Richard I Henty
Richard I.Henty by Pat Saunders
The last managing director of Henty & Constable was Richard Henty. He joined the firm in 1927, since the death of Archie Constable had created a vacancy on the board. Richard had trained and qualified as a barrister, but gave up his practise in London on joining the firm. The following year in London, Richard married Miss Lettice Moore-Gwyn, eldest daughter of Major & Mrs Moore-Gwyn of Liss in Hampshire. Other members of the Henty family attended the wedding, as well as Major Guy Constable, his wife and daughter. The Henty’s Sussex home was ‘The Poplars’ at Boxgrove.
Richard became keenly interested in local affairs. He carried on Julia Henty’s interest in the local hospital. He became the first chairman of the Hospital Management Committee. He had previously been Chairman of the Board of Governors. In this work he was recognised as having “great organising ability and tact”. He was held in great esteem and affection by both members of the committee and the hospital staff.
Richard would also involve himself in the Brewery’s social activities. In June 1939, in the company of Mr.Ingrey the brewery manager, Richard attended a cricket match held at the Bat and Ball, Broadhalfpenny Down, between Mr Wilfrid Wadhams XI and Mr.R.I.Henty’s XI. A dinner was held in the evening, at which some speech making took place. A lengthy description of the ‘memorable day at Broadha’penny Down’ was written up in the following week’s West Sussex Gazette.
During the Second World War, Richard became a commissioned officer in the R.A.F. ground staff. For a period he served in the operations room at Tangmere R.A.F. Station. In 1941, under the war-time procedure, he was appointed to Chichester City Council, and continued to serve until his resignation in March 1950. He was later awarded a Coronation Medal.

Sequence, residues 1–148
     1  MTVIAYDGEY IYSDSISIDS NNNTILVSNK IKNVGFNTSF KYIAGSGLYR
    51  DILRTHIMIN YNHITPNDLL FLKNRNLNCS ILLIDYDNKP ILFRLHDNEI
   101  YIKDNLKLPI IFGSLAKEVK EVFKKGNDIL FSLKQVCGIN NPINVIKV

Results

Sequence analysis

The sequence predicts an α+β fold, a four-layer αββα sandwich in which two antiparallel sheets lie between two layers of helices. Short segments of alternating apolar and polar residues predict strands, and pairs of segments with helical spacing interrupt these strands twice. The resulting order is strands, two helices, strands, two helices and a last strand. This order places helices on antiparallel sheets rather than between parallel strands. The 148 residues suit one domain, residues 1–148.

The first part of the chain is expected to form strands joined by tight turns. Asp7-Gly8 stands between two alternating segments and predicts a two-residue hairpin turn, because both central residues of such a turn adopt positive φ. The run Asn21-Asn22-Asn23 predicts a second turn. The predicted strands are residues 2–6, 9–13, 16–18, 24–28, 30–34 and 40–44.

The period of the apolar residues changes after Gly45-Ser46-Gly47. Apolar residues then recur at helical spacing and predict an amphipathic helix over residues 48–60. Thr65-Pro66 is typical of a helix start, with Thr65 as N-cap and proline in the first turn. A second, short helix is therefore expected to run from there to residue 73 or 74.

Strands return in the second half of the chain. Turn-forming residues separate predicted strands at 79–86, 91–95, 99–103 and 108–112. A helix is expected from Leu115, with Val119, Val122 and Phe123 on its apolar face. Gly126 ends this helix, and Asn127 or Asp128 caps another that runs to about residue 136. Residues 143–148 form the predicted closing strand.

In May 1951, Richard accepted the presidency of the Brighton and County Licensed Victuallers Association (LVA). He was the first brewer for over twenty-one years to have held the post. Richard had this to say when he accepted:-
“Making money is not the sole object of the brewers, as many suggest. They try to produce a good article for the public, and by wise judgement endeavour to provide everyone with that reasonable living which is essential for the well-being of the Trade.”
Later that year, in November when the Brighton and County L.V.A held their annual banquet and ball in the Royal Pavilion, Brighton; Richard had this to say in his speech:-
“The Licensed Trade had many competitors, - the cinema, dog racing and others - but the public-house could give something that the others could not. A public-house had atmosphere from the elbows that had leant on the bar in past years”.
He told licensees “to look at their houses with new eyes, to try to see it as a stranger does and try to make their houses attractive. Here was an opportunity for the brewer and tenant to get together and improve trade.”
He had a rare talent for business, or for anything that he turned his hand to. So that his sudden death early in 1954 was a great loss to the brewery. During 1953, Richard had fallen ill and needed to spend five weeks in the Royal West Sussex Hospital. It was the main reason when he resigned from the Hospital Management Committee. To recuperate from this illness, in late December 1953, Richard went on a cruise to South America. However he was well enough to attend his daughter’s wedding at Boxgrove early in December. It had been expected that Richard would make a full recovery, but in January as the ship S.S.Andes was making its return, Richard suddenly died aged 51. He left an estate of £114,752, (£97,336 net, duty paid £14,680). The funeral was held at the Cathedral on 17th March 1954.